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Dimestore Delibar might just be the easiest place to eat, drink and buy (some) groceries in Highland

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Dimestore Delibar owners Chris Fuentes (right) and Tim Dotson pose in the entryway, which also serves as a convenience store, at their new restaurant and bar in LoHi. (Josie Sexton, The Denver Post)

Good news for our bank accounts: The latest restaurant and bar to open in Denver’s Lower Highland isn’t a waitlisting, music-thumping kind of place where you can expect to spend an entire paycheck in a meal.

“Where your yearnin’s won’t exceed your earnin’s,” reads the back of the menu at Dimestore Delibar, which opened on Boulder Street late last week.

However that slogan may sound, the nostalgic spot actually comes from two Denver bar and restaurant pros who want to curb rising costs and competing trends in this area.

“The neighborhood really needs a value-focused spot,” co-owner and chef Tim Dotson told The Denver Post ahead of Dimestore’s opening. “There’s just nowhere to walk to and get something casual.”

Now, Dotson and partner Chris Fuentes are bringing $8-$13 sandwiches and plates, plus some groceries, candies and odds and ends to the building previously occupied by a Southern restaurant.

The completely redesigned space looks something like a modern-day Cheers, but crossed with a deli counter and convenience store. Stained glass decorates the bar and covers the light fixtures; used books and tchotchkes sit on every corner and shelf.

“I think about dime stores, old-school five-and-dimes and Woolworths,” Fuentes said, pointing to an eclectic mix of items for sale, from Japanese mayonnaise to drier sheets (things the owner says he would need).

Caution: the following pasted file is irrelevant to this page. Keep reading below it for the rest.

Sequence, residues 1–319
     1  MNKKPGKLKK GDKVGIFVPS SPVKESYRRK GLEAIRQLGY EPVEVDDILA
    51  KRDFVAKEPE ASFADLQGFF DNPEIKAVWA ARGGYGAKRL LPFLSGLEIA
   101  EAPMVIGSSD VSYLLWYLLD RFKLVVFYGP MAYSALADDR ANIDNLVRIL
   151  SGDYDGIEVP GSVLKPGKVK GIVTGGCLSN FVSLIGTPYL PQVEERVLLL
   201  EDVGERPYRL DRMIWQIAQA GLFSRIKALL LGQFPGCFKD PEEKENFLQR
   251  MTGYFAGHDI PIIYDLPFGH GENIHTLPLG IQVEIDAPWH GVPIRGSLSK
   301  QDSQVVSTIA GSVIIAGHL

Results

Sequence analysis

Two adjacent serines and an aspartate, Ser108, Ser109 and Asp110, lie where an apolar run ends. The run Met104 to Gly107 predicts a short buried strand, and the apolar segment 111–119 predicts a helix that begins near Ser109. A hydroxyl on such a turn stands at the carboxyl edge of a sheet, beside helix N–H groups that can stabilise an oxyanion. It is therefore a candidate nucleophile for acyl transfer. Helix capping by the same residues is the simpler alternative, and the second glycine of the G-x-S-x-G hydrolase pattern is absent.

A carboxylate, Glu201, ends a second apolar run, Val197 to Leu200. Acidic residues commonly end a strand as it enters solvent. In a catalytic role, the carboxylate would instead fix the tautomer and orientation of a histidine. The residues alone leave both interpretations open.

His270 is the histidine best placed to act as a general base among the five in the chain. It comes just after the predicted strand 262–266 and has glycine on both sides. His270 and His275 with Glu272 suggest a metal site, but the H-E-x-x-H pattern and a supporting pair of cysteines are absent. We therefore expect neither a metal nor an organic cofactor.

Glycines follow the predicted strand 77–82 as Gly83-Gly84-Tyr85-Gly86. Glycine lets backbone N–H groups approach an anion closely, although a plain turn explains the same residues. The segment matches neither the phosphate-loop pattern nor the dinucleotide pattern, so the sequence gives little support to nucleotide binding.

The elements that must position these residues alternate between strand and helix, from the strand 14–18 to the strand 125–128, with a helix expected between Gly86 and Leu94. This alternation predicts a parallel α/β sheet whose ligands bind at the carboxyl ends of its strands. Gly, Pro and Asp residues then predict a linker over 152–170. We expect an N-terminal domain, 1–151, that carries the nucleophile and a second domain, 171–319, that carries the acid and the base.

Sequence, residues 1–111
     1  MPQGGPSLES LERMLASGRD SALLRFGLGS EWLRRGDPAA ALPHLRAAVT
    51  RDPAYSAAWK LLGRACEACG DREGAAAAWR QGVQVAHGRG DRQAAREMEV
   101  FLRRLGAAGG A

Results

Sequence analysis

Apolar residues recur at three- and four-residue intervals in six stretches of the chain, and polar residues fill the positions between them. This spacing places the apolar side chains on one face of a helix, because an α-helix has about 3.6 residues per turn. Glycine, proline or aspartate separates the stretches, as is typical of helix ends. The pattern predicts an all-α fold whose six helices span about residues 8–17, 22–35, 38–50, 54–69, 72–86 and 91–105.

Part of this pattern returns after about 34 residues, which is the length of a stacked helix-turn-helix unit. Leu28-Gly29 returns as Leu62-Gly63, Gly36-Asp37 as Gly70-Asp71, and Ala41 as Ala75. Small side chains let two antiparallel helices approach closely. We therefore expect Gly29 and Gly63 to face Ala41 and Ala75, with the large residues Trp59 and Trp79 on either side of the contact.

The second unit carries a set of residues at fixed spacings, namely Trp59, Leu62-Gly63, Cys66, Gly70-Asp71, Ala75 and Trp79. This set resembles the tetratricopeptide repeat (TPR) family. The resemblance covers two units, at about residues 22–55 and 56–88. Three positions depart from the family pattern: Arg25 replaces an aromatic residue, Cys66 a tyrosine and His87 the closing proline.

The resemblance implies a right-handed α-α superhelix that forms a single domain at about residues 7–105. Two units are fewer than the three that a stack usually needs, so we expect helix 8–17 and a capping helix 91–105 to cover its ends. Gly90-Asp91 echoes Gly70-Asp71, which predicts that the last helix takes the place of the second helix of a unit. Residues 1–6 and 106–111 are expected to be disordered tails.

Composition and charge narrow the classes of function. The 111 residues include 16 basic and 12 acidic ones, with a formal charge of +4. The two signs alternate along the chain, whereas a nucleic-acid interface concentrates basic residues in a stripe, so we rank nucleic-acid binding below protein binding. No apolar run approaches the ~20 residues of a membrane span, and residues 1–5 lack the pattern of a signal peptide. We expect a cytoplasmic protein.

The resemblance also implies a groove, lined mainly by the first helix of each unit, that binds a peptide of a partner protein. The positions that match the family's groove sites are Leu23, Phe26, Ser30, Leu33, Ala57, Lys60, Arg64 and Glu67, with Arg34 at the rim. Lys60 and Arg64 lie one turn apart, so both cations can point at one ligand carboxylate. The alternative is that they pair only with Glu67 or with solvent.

So if the neighborhood needs a regular-old but also forward-thinking place, for food and drinks and more, Dimestore aims to be just that.

Dotson, however, has worked for Troy Guard’s Tag restaurants and last led the kitchen at The Family Jones Spirit House. Even when focusing on approachable menu items, he’s serving lamb gyro corndogs ($12) alongside meatloaf sandwiches ($12) and chicken-fried duck confit (the most expensive dish on the menu at $15) next to smoked ham spaetzle ($13).

He’ll also make his own chicken pate ($10) and sardines ($13). Customers can snack on small plates or go for a whole Reuben, roast beef and eggplant parm “dimeroll” on a focaccia loaf ($11-$13).

To drink, there’s Montucky Cold Snacks ($5) and Hofbrau Lagers ($7) among the local beers and cocktails.

Whether or not neighborhood folks will stop in to grab Pocky sticks and stock up on hot sauce in addition to eating and drinking at the Delibar is another question.

But Dotson and Fuentes are planning on sticking around, even as the city’s northside continues to change.

“We’re never going to have a set menu, whether it’s the back of the house (or front),” Fuentes said. “We’ll evolve to what the neighborhood needs.”

1575 Boulder St., 303-537-5323, 4-11 p.m. Monday, closed Tuesday, 4 p.m.-midnight Wednesday through Saturday and until 10 p.m. Sunday, dimestoredelibar.com

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